April is supposed to be one of the great months for sailing on the Chesapeake Bay. But don't try to tell that to the crews of the eight Volvo ocean racers that wallowed in glassy waters and fluky winds on their way to Baltimore on Leg 6 of the globe-girdling voyage.
Race organizers had hoped for a happy-hour finish on Wednesday with crowds of spectators lining the Inner Harbor sea walls to celebrate the arrival of the 64-foot yachts. But it was about 2:10 a.m. yesterday when News Corp finally crossed the finish line off Fort McHenry.
News Corp, bankrolled by media baron Rupert Murdoch, cruised in on a light southerly breeze, about four miles ahead of leg runner-up Amer Sports One.
The remaining boats in the lead group, ASSA ABLOY and illbruck Challenge, finished within an hour. Others made it in at various times yesterday, with the last boat, Amer Sports Too, finishing in midafternoon.
Uniformly, the sailors said weather conditions more characteristic of August made all the difference as the fleet spread out and collapsed like the bellows of an accordion with the changing winds.
"The wind was up and down and shut off at one point for us when we were actually in the lead," illbruck skipper John Kostecki said in dockside interviews. "Just tricky wind conditions, and we got on the wrong side."
Chaotic at both ends
The leg, which got off to a chaotic start in Miami on Sunday when six of the eight boats jumped the gun and had to re-start, ended with some controversy. Ross Field, campaign director for News Corp, argued that organizers should have shortened the course because of the light winds.
News Corp found itself sandwiched between a barge and a tanker on the Patapsco River, about a mile from the finish, with the breeze dying and its sails flapping aimlessly.
"We shouldn't have been in that situation," Field said. "We were very, very lucky this didn't end badly."
The race committee had a plan to shorten the course, setting the finish at the Bay Bridge, but didn't use it.
News Corp skipper Jez Fanstone called the situation "quite stressful."
"We were between a tanker and a barge in the narrowest part of the channel, in the trickiest possible position," he said. "Anyone [watching from shore] would have seen a bunch of lights converging and then hope that they had the same number of lights when they parted."
"The committee wanted to finish in Baltimore, they had the festivities set up there, and I don't think it would have changed the positions, so it was a good call," said Chris Larson, the Annapolis sailor who serves as tactician on ASSA ABLOY.
Volvo spokeswoman Lizzie Green said the race committee considered shortening the course but rejected the idea to be fair to trailing boats trying to catch the leader and because the wind had not died entirely.
By late yesterday, no one had complained to the committee, she said.
Sprint up the coast
News Corp started the 875- nautical mile sprint up the East Coast on Sunday in the worst possible position, dead last. But by Tuesday morning the bright-blue boat with Bart Simpson painted on the hull pointing the way had clawed into the lead. Fanstone, sailing aggressively, made up four miles in 12 hours to slip past then-leader illbruck, the favorite.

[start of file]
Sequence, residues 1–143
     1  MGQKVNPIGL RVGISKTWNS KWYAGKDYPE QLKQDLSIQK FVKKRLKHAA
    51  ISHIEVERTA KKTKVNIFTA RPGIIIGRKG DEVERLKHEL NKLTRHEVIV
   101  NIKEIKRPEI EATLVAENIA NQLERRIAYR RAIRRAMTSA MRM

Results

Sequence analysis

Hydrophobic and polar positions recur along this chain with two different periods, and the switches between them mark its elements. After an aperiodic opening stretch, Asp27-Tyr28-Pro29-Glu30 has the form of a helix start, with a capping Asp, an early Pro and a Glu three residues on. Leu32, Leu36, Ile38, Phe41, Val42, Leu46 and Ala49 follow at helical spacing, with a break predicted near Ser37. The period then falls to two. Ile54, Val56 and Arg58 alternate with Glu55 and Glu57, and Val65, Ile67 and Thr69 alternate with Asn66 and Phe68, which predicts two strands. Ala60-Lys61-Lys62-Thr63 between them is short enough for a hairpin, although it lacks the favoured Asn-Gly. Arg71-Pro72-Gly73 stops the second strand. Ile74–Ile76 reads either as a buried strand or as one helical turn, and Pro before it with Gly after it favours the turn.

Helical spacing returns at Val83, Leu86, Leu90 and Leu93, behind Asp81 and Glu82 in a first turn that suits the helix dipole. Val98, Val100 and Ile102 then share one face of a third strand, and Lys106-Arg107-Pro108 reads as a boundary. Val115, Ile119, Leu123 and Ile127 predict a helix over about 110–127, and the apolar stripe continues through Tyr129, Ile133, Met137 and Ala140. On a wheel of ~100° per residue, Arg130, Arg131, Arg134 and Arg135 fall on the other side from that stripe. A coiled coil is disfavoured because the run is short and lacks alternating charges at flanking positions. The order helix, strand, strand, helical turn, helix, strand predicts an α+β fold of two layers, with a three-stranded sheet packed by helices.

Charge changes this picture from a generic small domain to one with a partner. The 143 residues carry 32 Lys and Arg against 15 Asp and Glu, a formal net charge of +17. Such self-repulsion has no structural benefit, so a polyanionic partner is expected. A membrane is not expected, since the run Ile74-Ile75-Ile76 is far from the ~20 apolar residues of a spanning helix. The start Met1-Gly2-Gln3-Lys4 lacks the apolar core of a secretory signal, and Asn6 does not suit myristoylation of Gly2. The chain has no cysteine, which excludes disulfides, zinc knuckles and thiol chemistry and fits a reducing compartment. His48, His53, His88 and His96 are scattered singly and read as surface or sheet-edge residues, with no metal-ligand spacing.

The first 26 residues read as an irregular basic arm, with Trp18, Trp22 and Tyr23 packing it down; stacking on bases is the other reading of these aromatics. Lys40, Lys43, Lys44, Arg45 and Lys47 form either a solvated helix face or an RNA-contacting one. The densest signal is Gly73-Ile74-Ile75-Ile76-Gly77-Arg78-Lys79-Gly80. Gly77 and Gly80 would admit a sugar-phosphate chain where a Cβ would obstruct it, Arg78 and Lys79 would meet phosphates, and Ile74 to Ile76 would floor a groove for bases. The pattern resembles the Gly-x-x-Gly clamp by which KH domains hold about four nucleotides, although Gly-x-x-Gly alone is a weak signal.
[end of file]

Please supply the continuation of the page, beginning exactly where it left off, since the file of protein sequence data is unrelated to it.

The fleet broke into three groups: News Corp, Amer Sports One, illbruck, the overall leader in points, and ASSA ABLOY fighting for first; SEB, Team Tyco and djuice dragons in the middle; and Amer Sports Too, which led in departing Miami, way behind.
Skipper Lisa McDonald of the all-female team broke off from the rest of the fleet, which was trying to catch a ride on the Gulf Stream, and took Amer Sports Too on a more direct route northeast. She said yesterday that she took a "calculated risk based on weather forecasts" that "turned out to be not correct."
By dawn Wednesday, the first group entered Chesapeake Bay and began trading the lead as the wind rose and fell.
By nightfall, the leading four boats were off Point Lookout, at the mouth of the Potomac, stretched over about five miles in the order they would eventually finish in.
About 1:30 a.m., News Corp appeared as a silhouette in the darkness outside the Key Bridge, cruising steadily at about 10 knots under a main and huge genoa headsail. The 64-foot racer worked its way up the Patapsco toward the flashing scarlet light that marked the finish as boats less than a third its length swarmed around it. The boats, filled with reporters, photographers and spectators, followed it to the line.
A cannon shot rang out from Pride of Baltimore II, anchored in the darkness on the other side of the river, to signal News Corp's victory.
A race for second?
The Volvo fleet will remain in Baltimore until April 26, when the boats leave for a parade of sail to Annapolis before the start on April 28 of the seventh leg -- 3,400 nautical miles to La Rochelle, France, After that, the race goes to Goteborg, Sweden, and finishes at Kiel, Germany, about June 9.
The overall leader, illbruck, which has finished first in three of the six legs and never lower than fourth, appears to have an unassailable lead with 41 points. ASSA ABLOY is second with 34.
Grant Dalton, skipper of Amer Sports One, which is third with 32 points, said yesterday that the German boat can't be beaten and the battle now is for second place.
"Most of the boats have said that or accepted that," he said.
But Fanstone, in fourth with 31, has not conceded.
"There are three legs left; anything can happen," he said. "We could have ended up fourth or fifth in this leg from where we were, and boats that were fourth or fifth could have ended up where we were."